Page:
The Trinamool Congress had not only demonstrated an attitude of callous indifference to the just demands of its own employees and teachers, but adopted a characteristically ruthless attitude towards the strike. More significantly, in many areas, groups of Trinamool Congress backed muscle-men were found to behave like extra-constitutional power centers intimidating and harassing strikers and their supporters. The next day’s morning dailies reported that angry "parents'' were attacking the striking teachers in many districts of Bengal. These attempts prove beyond doubt how wide the scope of the March 10 strike is and how deep is its impact. Otherwise, why is there so much effort in the districts to oppress the participants in a strike which the government has called 'dismal failure'? The so-called "guardians'' are in reality members of goon squads owing allegiance to the ruling party. Furthermore, the incidents reveal that Trinamool Congress is ready to stoop to any level to maintain its reign of fear. In spite of all this, the striking teachers and employees say: “Struggle means victory, surrender means ruin – this is the valuable lesson drawn from March 10. Despite repressive measures we are not going to abandon the struggle.”
STUDENTS’ MARCH TO ASSEMBLY
The same determination was fully borne out in the march organised by the Students' Federation of India (SFI) state committee to the West Bengal assembly on March 10. The march was organised on the demands of withdrawal of the decision to close down around 8000 government schools, stopping dropouts and holding students union elections on campus with transparency. Since 2017, elections have not been held. The TMC’s student wing Trinamool Chhatra Parishad is illegally in control of the union bodies since then because elections have not been held. They are regularly misappropriating and/or misusing funds and making a mockery of the concept of democratisation through student participation. SFI sought to meet assembly speaker Biman Banerjee and education minister Bratya Basu to hand over a memorandum containing students’ demands. Earlier, the police, as usual, had denied permission to the SFI to take out the rally. CPI(M) state secretary Md. Salim had remarked that students do not need permission to hold rallies against corruption. The students were also steadfast in their decision to go ahead with their march. As the day rolled by, the thoroughfares from Sealdah Station area to Central Avenue, the crowded Howrah station premises and the traditional iron gates of the legislative assembly stood witness to SFI winning every challenge posed by the government.
That is why Srijan Bhattacharya, state secretary of SFI, who was freed from police custody at around 8:30 in the night, was able to say boldly, "They (the police and the administration) said they would not allow us to go to the assembly." We said, come what may, we shall go to the assembly. So we did. They said they would not allow the march to happen. We said it would. And finally it did take place. We made it happen. SFI made a promise and kept it. Now they know they can't dictate terms to us.”
Mayukh Biswas, all India general secretary of SFI, who was released from Shibpur police station in Howrah in the late afternoon, said, "The Trinamool government wants to develop the education system in the state on the lines of the BJP government's National Education Policy. Mamata Banerjee is cooking food according to Modi's recipe. And a whole generation of Bengal is at high risk of food poisoning. We are fighting for the sake of students, and to establish democracy in educational institutions.”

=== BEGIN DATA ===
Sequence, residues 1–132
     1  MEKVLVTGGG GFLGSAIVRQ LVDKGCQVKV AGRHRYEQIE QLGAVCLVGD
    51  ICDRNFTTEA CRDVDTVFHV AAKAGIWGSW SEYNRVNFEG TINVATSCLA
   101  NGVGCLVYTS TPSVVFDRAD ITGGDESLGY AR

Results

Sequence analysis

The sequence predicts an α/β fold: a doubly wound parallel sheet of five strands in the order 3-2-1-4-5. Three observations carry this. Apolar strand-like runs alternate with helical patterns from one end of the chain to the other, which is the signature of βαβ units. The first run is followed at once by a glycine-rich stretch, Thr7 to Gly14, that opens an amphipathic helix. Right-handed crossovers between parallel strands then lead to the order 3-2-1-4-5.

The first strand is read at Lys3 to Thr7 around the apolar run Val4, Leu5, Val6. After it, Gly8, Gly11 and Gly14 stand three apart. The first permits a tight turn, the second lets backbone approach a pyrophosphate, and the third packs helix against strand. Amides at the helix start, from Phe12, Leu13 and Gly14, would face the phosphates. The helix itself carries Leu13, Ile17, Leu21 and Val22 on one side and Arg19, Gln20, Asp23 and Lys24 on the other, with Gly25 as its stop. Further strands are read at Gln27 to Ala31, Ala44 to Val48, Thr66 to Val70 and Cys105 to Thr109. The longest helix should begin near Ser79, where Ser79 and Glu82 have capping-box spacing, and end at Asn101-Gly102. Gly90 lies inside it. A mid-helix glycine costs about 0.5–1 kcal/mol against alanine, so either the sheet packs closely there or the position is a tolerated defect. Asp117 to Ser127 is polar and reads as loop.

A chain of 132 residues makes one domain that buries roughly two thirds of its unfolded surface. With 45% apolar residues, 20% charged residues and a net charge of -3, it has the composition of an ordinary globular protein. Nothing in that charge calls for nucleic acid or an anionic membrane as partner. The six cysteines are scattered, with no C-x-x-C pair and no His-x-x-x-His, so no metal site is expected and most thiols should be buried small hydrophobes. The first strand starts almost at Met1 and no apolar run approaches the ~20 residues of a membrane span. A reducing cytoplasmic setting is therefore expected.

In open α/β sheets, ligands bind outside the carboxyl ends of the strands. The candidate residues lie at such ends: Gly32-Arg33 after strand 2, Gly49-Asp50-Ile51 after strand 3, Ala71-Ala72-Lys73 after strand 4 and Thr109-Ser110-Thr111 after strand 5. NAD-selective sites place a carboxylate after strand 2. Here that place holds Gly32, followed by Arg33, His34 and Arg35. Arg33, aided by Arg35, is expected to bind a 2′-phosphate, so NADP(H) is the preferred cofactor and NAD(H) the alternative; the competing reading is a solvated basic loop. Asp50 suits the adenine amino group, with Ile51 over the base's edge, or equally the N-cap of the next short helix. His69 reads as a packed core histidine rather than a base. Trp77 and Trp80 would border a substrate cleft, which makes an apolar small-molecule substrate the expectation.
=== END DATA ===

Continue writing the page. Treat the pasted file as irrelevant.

On March 10, two student marches started from Kolkata’s two major terminal stations, Howrah and Sealdah. The police could not guess how many SFI workers were there, nor could they make out who are protestors, and who are passengers or pedestrians.
It was about half past one in the afternoon. Hundreds of SFI workers and supporters started marching from Sealdah station. The Sealdah station area was abuzz with slogans. The police tried to stop the demonstration from the very beginning. Somehow they could arrest SFI's Kolkata district committee president Debanjan Dey, and secretary Mohammad Atif Nisar and some others from the station. But there was more to the story!
Suddenly thousands of SFI workers rushed in from different directions and a huge procession began to advance. State president of SFI Pratikur Rahman was in that procession. The police ran frantically to control the procession but it was too late. After three or four attempts to stop the procession, the police force had to give in to the SFI's determination. The speed of the procession increased. Along with slogans on demand to save education, and demand for free and fair students’ union elections, the slogan of getting rid of the scam-tainted “Trinamool" rent the air. After crossing the College Street intersection at an unstoppable pace and occupying Central Avenue in Central Kolkata, Pratikur Rahman suddenly announced the end of the march because by that time the area outside the assembly had become a hotbed. Another squad of SFI activists led by state secretary Srijan Bhattacharya had reached the gate of the assembly after defeating the police once again. The police had put up iron barricades, so that the gates of the assembly could not be touched. Srijan Bhattacharya and a group of SFI workers moved the guard rails and climbed up to the gate of the assembly, bypassing the police. Standing at the gate of the assembly, the state secretary of SFI said, "We had accepted the challenge. We said we will come to the assembly, to convey the demands of the students. We have come.'' After that, the SFI workers and supporters along with Srijan Bhattacharya were dragged by the police into a prison van and taken to Lalbazar, police headquarters.